iGB Diary: GVC-bwin party, Betfair bonus, Trading places, Diary clash, US events
Go on admit it, you've been pining for your iGB Diary instalments this past month while we were sunning ourselves on a Spanish beach. Fear not, we're back, (kind of) refreshed and marvelling at the coup GVC pulled off with the bwin party takeover.
GVC to (bwin) party all weekend
So finally it’s GVC that came out on top in the bwin party takeover battle. 888 conceded this morning and in the end there wasn’t much it could do to stop GVC’s final offer. For GVC and its management team the takeover is a major coup. It gives it significant scale in the European sports betting arena, even if many issues will need addressing. In no particular order: can the cost synergies be achieved? Can it keep large parts of the bwin workforce motivated while it organises redundancies? Will it achieve the returns it is looking for in regulated markets while it reduces marketing spend? Can it reconcile regulated and unregulated markets into a coherent corporate entity? Speaking of regulated markets that are not producing returns, the Diary particularly liked Kenny Alexander’s comment about it not being “difficult to see which regulated markets we’re talking about”.
Because you're worth it
It was interesting to read about investor advisory group PIRC trying to pressure Betfair shareholders into not signing off chief executive Breon Corcoran’s pay packet and bonus arrangements. Corcoran is on a basic salary of £528,000 with an annual bonus of £953,000 and is due to receive a total of £11.6m this year once share options are included as part of his joining Betfair in 2012. Eye-watering sums indeed, but are they excessive? Not for us to say, and at least Corcoran has added value to Betfair, £750m worth of it in fact since joining in 2012 (current market cap: £2.3bn). His heading up of the future Paddy Power Betfair group brooks no argument and one simply has to compare (and contrast) his performance with that of other recent chief executives of major gambling companies to see what he has accomplished.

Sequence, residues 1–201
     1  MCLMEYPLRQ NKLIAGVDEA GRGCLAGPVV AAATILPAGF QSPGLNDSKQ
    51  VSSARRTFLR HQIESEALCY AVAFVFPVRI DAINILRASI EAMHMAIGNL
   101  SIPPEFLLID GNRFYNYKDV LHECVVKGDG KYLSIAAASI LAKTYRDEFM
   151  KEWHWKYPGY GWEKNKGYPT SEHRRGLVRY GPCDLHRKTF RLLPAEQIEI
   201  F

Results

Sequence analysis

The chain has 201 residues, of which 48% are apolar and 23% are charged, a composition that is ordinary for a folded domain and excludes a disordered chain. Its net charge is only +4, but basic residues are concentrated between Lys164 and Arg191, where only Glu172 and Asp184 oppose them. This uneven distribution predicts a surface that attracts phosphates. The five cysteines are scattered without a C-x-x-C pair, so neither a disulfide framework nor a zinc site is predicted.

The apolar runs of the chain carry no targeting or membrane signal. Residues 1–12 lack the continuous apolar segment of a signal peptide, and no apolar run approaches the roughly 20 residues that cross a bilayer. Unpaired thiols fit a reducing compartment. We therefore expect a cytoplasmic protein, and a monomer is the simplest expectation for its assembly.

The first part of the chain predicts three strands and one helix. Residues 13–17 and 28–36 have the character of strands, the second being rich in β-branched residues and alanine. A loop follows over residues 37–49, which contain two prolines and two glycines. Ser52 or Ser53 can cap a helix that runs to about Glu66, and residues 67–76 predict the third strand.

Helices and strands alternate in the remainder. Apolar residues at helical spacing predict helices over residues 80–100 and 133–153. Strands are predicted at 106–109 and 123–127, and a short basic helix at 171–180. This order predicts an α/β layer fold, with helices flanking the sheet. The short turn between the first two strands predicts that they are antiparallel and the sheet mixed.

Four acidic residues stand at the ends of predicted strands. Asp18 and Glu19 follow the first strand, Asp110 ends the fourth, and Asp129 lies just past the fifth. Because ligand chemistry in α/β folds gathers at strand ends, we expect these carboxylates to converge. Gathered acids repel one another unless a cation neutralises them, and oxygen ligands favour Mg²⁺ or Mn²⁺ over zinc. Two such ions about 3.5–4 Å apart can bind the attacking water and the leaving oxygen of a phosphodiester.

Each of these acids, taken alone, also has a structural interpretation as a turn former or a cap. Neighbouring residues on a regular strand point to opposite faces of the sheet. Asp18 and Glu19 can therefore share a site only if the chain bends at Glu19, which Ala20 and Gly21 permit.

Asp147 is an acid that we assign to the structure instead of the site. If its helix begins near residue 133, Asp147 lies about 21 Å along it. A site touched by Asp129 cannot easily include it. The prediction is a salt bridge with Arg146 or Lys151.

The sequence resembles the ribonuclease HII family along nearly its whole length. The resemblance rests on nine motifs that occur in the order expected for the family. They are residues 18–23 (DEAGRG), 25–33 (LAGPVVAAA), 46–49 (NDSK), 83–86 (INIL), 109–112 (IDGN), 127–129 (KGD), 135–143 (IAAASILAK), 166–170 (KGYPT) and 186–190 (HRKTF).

Anyone for trading places?
Speaking of big names and wages, the Corcoran story reminded the Diary of an event it covered some years ago in the presence of many industry bigwigs. During an informal chat one of the top execs present mentioned the dreaded 50% tax bracket for top earners and how it was ‘killing him’; prompting the journalists in the group to look at each other and knowingly joke that it wasn’t a problem they ever faced (or were ever likely to). Cue classic blank look from said top honcho, who clearly had no idea what the journalists were talking about.
Next Thursday promises to be busy as we dash from the World Regulatory Briefing near Westminster to the Betting on Football conference at Arsenal’s Emirates Stadium organised by our friends at Sports Betting Community. Two events on the same day clearly isn’t ideal and discussions between the interested parties made that much clear. But to be fair to SBC, its event was originally scheduled for 9 September but was moved by Arsenal without any other option being made available. And to top it all off next Thursday is also a Gamcare training day. Sometimes the stars just aren’t aligned.
US events shake up?
Staying on the subject of events, congrats to ICE organiser Clarion Events for taking a majority stake in US events company Urban Expositions. The news came out this week and for those who are not aware of Urban Expositions, it organises the Native Indian Gaming Association’s (NIGA) events. To be fair NIGA’s events may not have as much of an online focus as GiGSE, G2E or iGaming North America (the best of the lot, you know it is ;). Nonetheless, Indian tribes, as shown by regulatory updates in California, are serious players on the US gambling scene. The American Gaming Association, which organises G2E in partnership with Reed Exhibitions, will also be looking on with interest. It’s not harsh to say that the US market has not taken off in the manner that was hoped; but there is business to be done there while stakeholders also wait for further flexibility from regulators and lawmakers. And of course the illegal market continues unabated and without too many obstacles. But in terms of igaming events and the spread of the regulated sector, it will be interesting to see if Clarion’s or the industry’s profile in the US improves or changes significantly following the deal.
Have a great weekend!